5 Mistakes You’re Making with Your Dumbbell Exercises

5 Mistakes You’re Making with Your Dumbbell Exercises

Tue, Feb 15, 22

If you've ever used dumbbells before, you know they can be great additions to any workout. But like all exercise equipment, if you're not using them correctly, they won't do much for your body. Here are five common mistakes people make with dumbbell exercises and how to fix them:

 

Mistake 1. You're using the same hand


If you're using one hand to lift a dumbbell, switch it up and lift it with your other hand. That way, you'll be working out both sides of your body.

In an effort to lift more weight, many people will hold a dumbbell in one hand and use their free hand to help move it up or down. This is a bad idea for two reasons: It encourages a muscle imbalance because you'll be recruiting more muscles on one side of your body than the other, and it could lead to injury.

The Fix: Use both hands when lifting a dumbbell, even if it means lessening the weight you're using.

 

Mistake 2. You think more is better

 

Don't regard weights as "good" or "bad." Instead, focus on safe weight-lifting techniques.

I see it time and time again: People think that if they pick up heavier weights, they'll be able to build muscle. This is not true for a number of reasons.

First, you need to be able to get your form down with lighter weights. If you can't do five perfect reps with a lighter weight, then you should not be using a heavier weight. Second, you do not need as much weight as you think. Picking up a heavy dumbbell is not necessary for building muscle. The most important thing is to focus on the muscle that you are targeting, and let it do the work without relying on momentum or other muscles to help out.

Finally, people tend to use too much weight when they are doing exercises like shoulder presses and bicep curls. If you're trying to build shoulder or bicep strength, there's no shame in doing higher reps with lighter weight at first. You can always increase the weight once your muscles get stronger!

 

Mistake 3. You don't have the right size

 

Use dumbbells that are the right size for you. You don't want them to be too heavy or too light.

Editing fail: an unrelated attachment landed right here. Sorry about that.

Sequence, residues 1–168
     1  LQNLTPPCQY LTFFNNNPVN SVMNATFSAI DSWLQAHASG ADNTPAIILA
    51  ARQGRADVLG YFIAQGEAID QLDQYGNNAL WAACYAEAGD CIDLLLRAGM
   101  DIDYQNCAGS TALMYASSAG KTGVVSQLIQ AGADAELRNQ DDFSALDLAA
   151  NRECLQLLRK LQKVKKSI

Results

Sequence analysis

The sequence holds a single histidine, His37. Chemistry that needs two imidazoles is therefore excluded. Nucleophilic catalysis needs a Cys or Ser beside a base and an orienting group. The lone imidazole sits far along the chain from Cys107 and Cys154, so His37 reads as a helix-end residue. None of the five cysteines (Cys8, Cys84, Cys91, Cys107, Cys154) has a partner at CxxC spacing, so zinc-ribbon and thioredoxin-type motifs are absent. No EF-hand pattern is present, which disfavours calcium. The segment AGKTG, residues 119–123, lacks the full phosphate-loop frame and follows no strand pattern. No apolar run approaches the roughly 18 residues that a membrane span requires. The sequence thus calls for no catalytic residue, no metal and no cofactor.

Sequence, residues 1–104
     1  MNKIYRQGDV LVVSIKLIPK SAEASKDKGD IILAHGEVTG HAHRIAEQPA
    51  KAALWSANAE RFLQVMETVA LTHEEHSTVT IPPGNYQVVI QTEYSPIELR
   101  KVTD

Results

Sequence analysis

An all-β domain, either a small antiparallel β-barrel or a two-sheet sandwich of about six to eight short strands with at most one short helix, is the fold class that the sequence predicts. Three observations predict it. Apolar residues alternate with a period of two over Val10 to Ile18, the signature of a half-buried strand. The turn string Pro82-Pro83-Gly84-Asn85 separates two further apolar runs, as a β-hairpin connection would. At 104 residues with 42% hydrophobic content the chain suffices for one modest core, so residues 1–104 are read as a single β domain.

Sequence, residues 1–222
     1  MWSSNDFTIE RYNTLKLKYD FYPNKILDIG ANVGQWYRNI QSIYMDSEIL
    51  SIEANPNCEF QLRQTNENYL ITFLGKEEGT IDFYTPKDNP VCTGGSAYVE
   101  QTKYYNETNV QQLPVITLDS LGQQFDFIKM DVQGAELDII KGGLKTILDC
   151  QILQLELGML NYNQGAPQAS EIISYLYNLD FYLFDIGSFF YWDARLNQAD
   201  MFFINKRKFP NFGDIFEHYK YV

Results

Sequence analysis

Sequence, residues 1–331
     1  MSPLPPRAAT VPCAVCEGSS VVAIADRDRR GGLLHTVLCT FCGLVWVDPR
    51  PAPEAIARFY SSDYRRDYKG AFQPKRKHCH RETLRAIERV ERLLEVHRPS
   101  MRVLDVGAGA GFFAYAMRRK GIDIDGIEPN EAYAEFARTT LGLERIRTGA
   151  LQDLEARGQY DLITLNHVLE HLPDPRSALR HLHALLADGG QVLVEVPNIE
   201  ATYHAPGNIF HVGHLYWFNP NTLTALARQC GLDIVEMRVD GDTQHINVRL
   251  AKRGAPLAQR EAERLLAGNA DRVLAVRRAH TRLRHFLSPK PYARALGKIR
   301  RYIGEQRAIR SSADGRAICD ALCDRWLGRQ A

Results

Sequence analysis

If your dumbbells are too heavy, you won't be able to complete a full range of motion, as the weight may prevent you from reaching a particular position. For example, if you're doing biceps curls with a dumbbell that's too heavy, you won't be able to bring the weight to your shoulder at the top of the move because it's just too difficult. In this case, your form will be compromised and your chances of injury will increase.

If the weights are too light, however, you won't be working as hard as you could be and will not see optimal results.

If this is a problem for you, try one of two things: either adjust the weight so that it's something more appropriate or simply lower the number of reps in a set until you can complete each one with proper form. If you don't want to buy too many dumbbells, but need to make your workout flexible, FLYBIRD adjustable dumbbells are the right option for you. The compact size of this product will enable you to save a lot of extra space in your home gym or any other exercising place.

 

Mistake 4. You're lifting too much weight too quickly

 

Don't try to lift too much weight too quickly. Start out with light weights and work your way up to heavier weights.

 When you're starting out with a new exercise, you have to get used to the movement before adding more weight. That's especially true with dumbbells because they require more balancing than barbells. If you try a shoulder press with too much weight too soon, you'll end up cheating and using your upper body momentum to get the job done. This can cause shoulder or back injuries if it becomes a habit, so keep your form straight until you can do at least 10 reps easily with that weight.

 

Mistake 5. Your wrists aren't in line with your shoulders and elbows

 

Elevate your workout bench when you do bicep curls so your wrists are in line with your shoulders and elbows. Otherwise, you'll end up hurting yourself over the long term.

If you're doing a chest fly or biceps curl, your wrists should be in line with your forearms and elbows. If they're turned inward, the weight of the dumbbells can cause you to feel a strain in your wrist and possibly even injure it.

To fix this common dumbbell mistake, you can use a wrist wrap, which will provide extra support for your wrist joint. You'll want to make sure the wrap is tight enough so that there's no play in your wrist but not so tight that it cuts off circulation. If you find yourself using a lot of heavy weights with this movement, try using thicker wraps or wraps made from a material that's better at absorbing moisture (like terry cloth).

If you want to see a bigger change in your physique without adding noticeably more time to your workouts, it’s important to be knowledgeable and make smart decisions when choosing exercises. That’s why we’re presenting these 5 dumbbell exercises that most beginners make a mistake with, along with healthy alternatives designed to maximize efficiency and ultimately help you reach your fitness goals.

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